Drought worsens carbon dioxide levels

November 28th, 2007 - 4:28 pm ICT by admin  

Washington, Nov 28 (ANI): Government scientists have found that droughts dont just lead to parched land, but also exacerbate rising carbon dioxide levels.

It was found that in North America alone, human activity, from driving cars to generating power in factories, releases about two billion tons (1.85 billion metric tons) of carbon in the form of carbon dioxide every year.

Researchers have estimated that natural carbon sinks such as forests, grasslands, crops and soil absorb about one-third of those emissions.
However, droughts seem to hamper the ability of these sinks to suck up the greenhouse gas.

CarbonTracker, a new measurement system introduced by the National Oceanic and Atmospheric Administration, has provided researchers with weekly observations of carbon dioxide exchange from 2000 to 2005.

The data revealed that in 2002, when North America experienced one of the largest droughts in more than a century, the amount of carbon taken up by vegetation and soil plunged from 716 million tons to 363 million tons.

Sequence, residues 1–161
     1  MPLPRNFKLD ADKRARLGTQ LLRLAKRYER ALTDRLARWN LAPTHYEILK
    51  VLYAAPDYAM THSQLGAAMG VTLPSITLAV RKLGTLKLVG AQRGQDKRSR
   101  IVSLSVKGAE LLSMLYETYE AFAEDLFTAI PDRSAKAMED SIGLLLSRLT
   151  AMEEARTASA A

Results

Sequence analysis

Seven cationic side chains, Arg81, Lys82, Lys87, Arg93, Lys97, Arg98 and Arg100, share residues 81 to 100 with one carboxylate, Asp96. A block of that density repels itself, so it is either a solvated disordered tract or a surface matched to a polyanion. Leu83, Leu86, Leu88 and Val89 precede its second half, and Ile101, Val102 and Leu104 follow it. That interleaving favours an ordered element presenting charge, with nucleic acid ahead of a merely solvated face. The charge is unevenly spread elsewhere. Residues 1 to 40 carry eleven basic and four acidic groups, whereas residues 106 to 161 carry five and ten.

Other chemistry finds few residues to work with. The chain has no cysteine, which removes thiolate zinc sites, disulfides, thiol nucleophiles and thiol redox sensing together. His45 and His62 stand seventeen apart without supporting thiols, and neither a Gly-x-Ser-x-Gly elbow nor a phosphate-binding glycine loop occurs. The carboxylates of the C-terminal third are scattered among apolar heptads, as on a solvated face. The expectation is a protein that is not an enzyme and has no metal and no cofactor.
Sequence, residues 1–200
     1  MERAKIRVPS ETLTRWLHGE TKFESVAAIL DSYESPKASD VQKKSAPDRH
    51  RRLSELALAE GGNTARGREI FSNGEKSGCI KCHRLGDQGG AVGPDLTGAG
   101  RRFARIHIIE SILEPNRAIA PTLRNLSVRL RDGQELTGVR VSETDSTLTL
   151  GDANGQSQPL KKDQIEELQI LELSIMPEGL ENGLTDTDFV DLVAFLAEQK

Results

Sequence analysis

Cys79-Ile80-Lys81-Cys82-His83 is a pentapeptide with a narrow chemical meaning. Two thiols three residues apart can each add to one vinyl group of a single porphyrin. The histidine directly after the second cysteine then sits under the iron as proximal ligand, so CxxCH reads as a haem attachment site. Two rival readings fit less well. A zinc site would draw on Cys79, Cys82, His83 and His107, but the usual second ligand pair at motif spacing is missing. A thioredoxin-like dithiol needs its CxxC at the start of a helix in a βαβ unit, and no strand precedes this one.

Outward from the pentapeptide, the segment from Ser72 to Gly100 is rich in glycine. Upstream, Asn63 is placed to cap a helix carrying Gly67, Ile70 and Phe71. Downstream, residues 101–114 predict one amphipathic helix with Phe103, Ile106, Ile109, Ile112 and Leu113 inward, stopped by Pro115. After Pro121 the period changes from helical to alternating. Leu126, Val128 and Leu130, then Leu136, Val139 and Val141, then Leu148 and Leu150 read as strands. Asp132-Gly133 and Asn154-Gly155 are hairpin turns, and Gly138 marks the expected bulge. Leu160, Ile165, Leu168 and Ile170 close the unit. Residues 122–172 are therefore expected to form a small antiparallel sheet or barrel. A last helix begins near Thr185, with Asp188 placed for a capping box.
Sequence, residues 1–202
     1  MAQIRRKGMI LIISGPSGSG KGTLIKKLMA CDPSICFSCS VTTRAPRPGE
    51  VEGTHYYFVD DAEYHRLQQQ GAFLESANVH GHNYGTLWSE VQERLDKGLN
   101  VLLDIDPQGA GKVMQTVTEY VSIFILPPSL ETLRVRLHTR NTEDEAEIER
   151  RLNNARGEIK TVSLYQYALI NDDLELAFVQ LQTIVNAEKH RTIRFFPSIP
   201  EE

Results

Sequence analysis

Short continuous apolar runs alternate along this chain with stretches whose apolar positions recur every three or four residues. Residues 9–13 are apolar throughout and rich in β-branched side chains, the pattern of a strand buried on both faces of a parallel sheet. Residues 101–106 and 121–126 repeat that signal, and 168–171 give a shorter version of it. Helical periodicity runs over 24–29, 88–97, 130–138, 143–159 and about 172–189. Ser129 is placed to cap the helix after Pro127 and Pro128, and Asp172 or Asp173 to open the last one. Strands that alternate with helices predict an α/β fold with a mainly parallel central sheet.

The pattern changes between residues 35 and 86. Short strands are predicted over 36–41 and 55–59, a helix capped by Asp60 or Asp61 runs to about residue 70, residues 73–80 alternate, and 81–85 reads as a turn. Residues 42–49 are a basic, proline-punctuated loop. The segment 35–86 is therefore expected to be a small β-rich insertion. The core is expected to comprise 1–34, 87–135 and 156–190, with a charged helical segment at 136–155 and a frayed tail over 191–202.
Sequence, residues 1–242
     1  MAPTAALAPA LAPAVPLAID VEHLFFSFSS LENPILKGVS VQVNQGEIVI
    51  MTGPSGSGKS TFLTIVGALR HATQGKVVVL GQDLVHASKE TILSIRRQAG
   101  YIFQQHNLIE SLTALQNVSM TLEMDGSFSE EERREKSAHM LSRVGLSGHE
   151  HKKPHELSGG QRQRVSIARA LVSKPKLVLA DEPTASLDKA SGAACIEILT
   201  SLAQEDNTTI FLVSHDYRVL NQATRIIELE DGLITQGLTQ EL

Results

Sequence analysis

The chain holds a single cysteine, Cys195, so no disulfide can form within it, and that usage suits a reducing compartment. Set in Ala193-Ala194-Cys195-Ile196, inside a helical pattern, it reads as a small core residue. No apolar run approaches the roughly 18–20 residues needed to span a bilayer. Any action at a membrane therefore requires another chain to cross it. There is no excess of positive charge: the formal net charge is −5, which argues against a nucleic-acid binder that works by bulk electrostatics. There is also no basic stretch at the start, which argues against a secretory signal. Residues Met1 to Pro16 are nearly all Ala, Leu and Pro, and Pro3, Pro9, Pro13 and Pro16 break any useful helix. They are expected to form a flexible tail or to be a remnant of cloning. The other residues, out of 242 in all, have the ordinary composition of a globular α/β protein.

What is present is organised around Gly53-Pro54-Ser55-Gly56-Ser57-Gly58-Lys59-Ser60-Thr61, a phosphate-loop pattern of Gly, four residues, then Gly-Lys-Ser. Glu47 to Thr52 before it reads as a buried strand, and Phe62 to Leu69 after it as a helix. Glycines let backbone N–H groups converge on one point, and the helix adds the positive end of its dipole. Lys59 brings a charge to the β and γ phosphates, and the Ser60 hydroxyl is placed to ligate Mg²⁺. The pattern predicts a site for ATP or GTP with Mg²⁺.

“Scientists often look at the role of greenhouse gases in producing climate extremes,” said lead author Wouter Peters, affiliated with Wageninen University and Research Center in The Netherlands.

“Here we show the reverse is also true. Climate extremes can have a major effect on the amount of carbon dioxide in Earths atmosphere,” Peters added.

Drought and other variations in a region’s climate can change temperatures, rainfall, soil moisture and even the length of the growing season in that region. If less rainfalls and soil moisture drops, plants may wither and die and so take up less carbon dioxide.

CarbonTracker showed that the connection between drought and increased carbon dioxide levels isn’t unique to North America; the widespread drought and heat wave that struck Europe in 2003 left more than 500 million extra tons of carbon dioxide in the atmosphere that year.

This problem could have consequences for efforts aimed at reducing greenhouse gas emissions.

“Disruptions to natural carbon uptake can have enormous environmental and economic effects, possibly even erasing efforts to reduce fossil fuel emissions in a given year,” Peters said.
The study is published in the Nov. 26 issue of the journal Proceedings of the National Academy of Sciences. (ANI)

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